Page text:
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Extreme values and “robust” analysis of distributions


  • Philippe Van Kerm

    () (CEPS/INSTEAD, G.-D. Luxembourg)


Distributive analysis typically consists in estimating summary measures capturing aspects of the distribution of sample points beyond central tendency. Stochastic dominance analysis is also central for comparisons of distributions. Unfortunately, data contamination, and extreme data more generally, are known to be highly influential in both types of analyses—much more so, than for central tendency analysis—and potentially jeopardize the validity of one’s conclusions even with relatively large sample sizes. This presentation illustrates the problems raised by extreme data in distributive analysis and describes robust parametric and semi-parametric approaches for addressing it. The methods are based on the use of “optimal B-robust” (OBRE) estimators, as an alternative to maximum likelihood. A prototype of Stata implementation of these estimators is described and empirical examples in income distribution analysis show how robust inequality estimates and dominance checks can be derived from these parametric or semiparametric models.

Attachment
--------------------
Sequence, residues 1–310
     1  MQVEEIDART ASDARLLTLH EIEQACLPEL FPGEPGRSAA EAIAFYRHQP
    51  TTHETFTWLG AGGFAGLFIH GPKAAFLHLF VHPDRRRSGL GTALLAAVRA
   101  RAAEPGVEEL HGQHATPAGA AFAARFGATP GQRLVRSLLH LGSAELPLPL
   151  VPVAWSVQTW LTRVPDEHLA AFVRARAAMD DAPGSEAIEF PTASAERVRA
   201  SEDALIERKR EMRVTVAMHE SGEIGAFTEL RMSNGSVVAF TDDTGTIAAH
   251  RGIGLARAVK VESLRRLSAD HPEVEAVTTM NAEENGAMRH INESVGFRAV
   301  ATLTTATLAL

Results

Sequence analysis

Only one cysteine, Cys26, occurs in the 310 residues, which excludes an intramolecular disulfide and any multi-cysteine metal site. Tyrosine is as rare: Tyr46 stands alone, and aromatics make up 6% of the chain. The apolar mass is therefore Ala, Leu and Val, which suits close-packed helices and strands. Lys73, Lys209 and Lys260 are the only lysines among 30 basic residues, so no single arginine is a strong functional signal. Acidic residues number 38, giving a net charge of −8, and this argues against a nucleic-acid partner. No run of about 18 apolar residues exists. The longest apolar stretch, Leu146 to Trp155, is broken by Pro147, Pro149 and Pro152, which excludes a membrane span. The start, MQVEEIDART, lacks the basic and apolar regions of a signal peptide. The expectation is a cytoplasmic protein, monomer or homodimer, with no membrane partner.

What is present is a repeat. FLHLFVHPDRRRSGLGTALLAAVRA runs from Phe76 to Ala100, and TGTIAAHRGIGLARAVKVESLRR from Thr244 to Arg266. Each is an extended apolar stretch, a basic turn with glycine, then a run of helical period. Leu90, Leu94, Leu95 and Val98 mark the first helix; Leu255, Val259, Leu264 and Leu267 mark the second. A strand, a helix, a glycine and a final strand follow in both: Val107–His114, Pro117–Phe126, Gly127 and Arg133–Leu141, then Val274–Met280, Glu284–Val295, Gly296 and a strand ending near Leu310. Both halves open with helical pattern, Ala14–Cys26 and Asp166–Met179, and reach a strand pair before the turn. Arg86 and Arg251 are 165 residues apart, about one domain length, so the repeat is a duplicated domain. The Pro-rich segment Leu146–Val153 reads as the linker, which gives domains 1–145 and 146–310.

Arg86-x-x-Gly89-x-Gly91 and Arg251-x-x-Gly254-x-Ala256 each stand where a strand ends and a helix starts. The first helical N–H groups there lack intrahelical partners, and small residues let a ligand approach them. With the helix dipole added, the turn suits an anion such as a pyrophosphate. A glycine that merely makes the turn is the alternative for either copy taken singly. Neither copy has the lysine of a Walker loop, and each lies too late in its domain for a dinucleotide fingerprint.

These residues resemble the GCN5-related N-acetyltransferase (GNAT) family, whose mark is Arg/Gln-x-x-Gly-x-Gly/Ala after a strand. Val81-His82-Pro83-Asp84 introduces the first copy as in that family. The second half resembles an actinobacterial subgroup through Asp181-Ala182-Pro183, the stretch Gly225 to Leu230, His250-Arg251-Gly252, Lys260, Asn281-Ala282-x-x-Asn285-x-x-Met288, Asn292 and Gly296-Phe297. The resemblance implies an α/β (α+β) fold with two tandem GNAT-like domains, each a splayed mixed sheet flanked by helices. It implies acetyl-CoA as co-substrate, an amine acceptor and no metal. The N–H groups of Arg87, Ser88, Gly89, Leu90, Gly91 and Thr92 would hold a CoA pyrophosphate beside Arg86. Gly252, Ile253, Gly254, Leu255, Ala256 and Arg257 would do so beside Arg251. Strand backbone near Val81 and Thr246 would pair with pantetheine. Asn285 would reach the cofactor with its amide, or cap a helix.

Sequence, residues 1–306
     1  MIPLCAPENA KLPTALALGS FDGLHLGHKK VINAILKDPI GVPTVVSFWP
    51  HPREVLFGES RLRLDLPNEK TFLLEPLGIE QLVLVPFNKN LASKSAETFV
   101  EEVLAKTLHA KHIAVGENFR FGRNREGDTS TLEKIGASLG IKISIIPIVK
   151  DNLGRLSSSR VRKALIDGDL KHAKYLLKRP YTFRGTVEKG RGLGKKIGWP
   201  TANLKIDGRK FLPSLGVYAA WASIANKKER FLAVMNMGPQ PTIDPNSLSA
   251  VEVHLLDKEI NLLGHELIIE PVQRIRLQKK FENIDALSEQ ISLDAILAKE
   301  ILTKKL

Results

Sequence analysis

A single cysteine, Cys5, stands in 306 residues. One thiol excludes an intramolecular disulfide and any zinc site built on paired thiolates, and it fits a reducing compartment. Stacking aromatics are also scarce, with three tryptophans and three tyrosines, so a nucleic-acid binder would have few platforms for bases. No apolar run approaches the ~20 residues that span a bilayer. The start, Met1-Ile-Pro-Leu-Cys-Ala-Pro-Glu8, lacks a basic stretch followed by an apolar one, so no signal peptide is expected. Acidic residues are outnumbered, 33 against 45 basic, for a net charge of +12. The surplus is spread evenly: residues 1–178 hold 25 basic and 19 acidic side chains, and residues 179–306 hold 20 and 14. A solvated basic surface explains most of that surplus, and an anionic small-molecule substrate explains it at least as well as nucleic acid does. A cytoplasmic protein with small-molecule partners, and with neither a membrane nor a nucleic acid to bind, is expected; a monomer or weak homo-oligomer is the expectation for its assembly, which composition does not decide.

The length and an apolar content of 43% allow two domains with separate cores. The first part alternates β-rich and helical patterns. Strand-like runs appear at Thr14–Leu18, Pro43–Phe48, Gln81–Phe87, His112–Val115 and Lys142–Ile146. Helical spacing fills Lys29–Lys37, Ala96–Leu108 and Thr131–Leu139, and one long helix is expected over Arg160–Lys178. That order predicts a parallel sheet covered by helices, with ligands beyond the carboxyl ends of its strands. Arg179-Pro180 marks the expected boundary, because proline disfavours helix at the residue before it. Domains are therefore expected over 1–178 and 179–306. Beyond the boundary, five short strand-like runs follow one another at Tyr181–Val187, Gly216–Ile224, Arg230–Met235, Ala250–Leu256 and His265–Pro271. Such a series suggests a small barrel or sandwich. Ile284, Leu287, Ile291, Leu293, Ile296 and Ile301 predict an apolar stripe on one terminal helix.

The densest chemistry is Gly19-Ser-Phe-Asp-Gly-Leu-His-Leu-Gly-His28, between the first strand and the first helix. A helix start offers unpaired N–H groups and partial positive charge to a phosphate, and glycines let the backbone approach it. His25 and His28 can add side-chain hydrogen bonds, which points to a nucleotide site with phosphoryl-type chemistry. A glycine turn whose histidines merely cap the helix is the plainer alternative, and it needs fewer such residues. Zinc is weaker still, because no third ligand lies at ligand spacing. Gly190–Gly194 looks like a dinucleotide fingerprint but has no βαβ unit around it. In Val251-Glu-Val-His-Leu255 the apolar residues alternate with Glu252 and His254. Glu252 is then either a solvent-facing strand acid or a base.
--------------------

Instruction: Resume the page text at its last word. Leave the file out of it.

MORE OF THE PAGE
Suggested Citation

  • Philippe Van Kerm, 2007. "Extreme values and “robust” analysis of distributions," United Kingdom Stata Users' Group Meetings 2007 17, Stata Users Group.
  • Handle: RePEc:boc:usug07:17

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    Cited by:

    1. Stephen P. Jenkins, 2017. "Pareto Models, Top Incomes and Recent Trends in UK Income Inequality," Economica, London School of Economics and Political Science, vol. 84(334), pages 261-289, April.

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